Sunday, February 10, 2008
"On the road again, I can't wait to get on the road again..." Willie Nelson
ROBERTA: This seems to be the only blog topic I can come up with because I've been away from home since December 27! I had a million good intentions of developing the idea for my next book, and a million reasons why that didn't happen. The computer crash--anyone would be set back by that one, right? And the time spent visiting relatives on the way south and then on the way back, no reasonable human being can work under those conditions. But what about all the time in between? And come to think of it, the times I've been on other trips, I'm uniformly unproductive. I'm wondering then if it's reasonable to expect to be able to write outside my office. Maybe traveling is disruptive enough that I should simply mark those days off on my calendar. NWT: no words today. Or maybe my brain is saying "I'm tired" after eight books in seven years. I'm secretly hoping it's been working away behind the scenes so when I do finally get home, a story will start to pour out!
JAN: I'm all for giving yourself a break! I think the brain needs rest times, and I also think that travel is disruptive -- pleasantly so. In fact, that probably accounts for its popularity!
I am taking two weeks off before starting my next project, and I'm not going anywhere-- physically at least. I'm just mentally "on the road," and so far, it's a very nice trip.
HALLIE: EIGHT BOOKS! That's impressive, Roberta. Maybe you just needed a break. And besides, what did you expect, vacationing in Florida? Not exactly conducive to sweat and toil. I was there for three mojito-soaked days at conference last week and I came away with nothing to show for all that heavy lifting but a pink plastic flamingo.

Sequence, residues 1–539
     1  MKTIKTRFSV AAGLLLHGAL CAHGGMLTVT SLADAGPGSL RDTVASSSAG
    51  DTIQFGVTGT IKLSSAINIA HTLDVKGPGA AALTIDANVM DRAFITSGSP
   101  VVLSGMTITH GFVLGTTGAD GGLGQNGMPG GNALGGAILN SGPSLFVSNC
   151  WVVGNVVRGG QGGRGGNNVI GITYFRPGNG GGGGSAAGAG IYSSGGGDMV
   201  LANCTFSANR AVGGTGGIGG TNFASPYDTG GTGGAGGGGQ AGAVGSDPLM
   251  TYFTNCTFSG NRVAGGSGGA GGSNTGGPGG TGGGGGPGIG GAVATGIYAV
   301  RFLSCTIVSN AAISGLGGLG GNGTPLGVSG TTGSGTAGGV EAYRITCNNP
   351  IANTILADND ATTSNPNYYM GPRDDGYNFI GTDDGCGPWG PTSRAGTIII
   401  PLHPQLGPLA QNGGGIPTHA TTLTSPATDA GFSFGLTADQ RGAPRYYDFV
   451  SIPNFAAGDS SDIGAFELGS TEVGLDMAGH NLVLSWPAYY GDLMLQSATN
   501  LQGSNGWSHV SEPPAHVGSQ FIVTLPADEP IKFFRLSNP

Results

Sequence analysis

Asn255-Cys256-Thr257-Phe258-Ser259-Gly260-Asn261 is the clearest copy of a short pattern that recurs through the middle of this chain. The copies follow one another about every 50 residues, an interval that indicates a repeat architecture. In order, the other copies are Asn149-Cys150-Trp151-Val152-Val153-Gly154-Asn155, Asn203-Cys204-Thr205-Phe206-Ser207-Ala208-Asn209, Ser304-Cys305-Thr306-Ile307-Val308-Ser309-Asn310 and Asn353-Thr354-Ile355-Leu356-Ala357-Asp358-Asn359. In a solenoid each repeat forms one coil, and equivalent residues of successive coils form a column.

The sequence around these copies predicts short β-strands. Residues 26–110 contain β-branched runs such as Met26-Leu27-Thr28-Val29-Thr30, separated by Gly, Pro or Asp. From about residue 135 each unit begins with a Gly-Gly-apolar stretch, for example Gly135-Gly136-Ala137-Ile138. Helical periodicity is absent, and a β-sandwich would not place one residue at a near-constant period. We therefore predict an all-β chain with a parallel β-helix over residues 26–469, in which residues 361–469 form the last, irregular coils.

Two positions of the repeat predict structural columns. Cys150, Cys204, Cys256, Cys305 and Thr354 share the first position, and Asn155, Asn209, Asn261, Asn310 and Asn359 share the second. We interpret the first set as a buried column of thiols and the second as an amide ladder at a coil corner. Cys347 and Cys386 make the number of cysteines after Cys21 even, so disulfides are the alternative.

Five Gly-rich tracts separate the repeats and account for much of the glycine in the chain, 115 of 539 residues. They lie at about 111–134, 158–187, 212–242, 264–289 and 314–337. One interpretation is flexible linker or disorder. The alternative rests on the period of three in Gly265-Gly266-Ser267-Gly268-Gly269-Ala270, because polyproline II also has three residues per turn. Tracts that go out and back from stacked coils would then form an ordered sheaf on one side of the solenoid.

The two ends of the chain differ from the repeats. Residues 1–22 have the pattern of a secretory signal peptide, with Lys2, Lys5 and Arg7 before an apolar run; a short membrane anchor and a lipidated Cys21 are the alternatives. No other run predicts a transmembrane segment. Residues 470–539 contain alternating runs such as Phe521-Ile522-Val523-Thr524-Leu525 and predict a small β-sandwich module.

Seriously, I can NOT write away from home. And I've become paranoid about my computer--last time I took it on a plane, the hard drive crashed a day later. (Same thing happened to my husband's laptop when he took a trip.) Even though I had everything backed up, it was weeks before I was out of Dell Hell and back in business. And without my computer, working isn't unlikely, it's iimpossibe.
What we all need for traveling/writing is a small, super rugged, laptop that does nothing but word process and email.
RO: I'm in awe of the eight books..
I can rewrite on the road..I quite enjoy that, but can't seem to generate new pages. But that doesn't stop me from schlepping all of my notes and folders with me, as if this time will be different..
HANK: One of the moments when I actually felt like a writer was two summers ago, in a B and B called The Rookwood Inn in Lenox, Massachusetts. My husband and I, along with another couple, were spending a few days there, going to Tanglewood and plays and museums and all the wonderful things around there. But my first book was due in two weeks. And I had to work.
So every morning, I took my laptop into the living room of the Inn, sat on a velvet couch, and laptop on lap, a put my feet (yes) on the coffee table . I had to finish the first big redraft of Prime Time. I missed out on a museum and a lunch at a great place. The next day, everyone but me went somewhere else fun. I kept working.
Secretly? I was thrilled. I felt tough and powerful and devoted. And I did finish. Away from my own dear desk. I had to. But wow, I'd certainly rather be right here, surrounded by my stuff.
And Roberta, I think though, there is something to be said for resting your tired brain. When your story's percolated inside your brain and ready, I bet you won't be able to keep away from a computer or pad of paper, no matter where you are. I have notes on symphony programs, napkins, my little red notebook, backs of envelopes, and yes, my reporter's notepad. When it's time, your story won't let you stand in the way.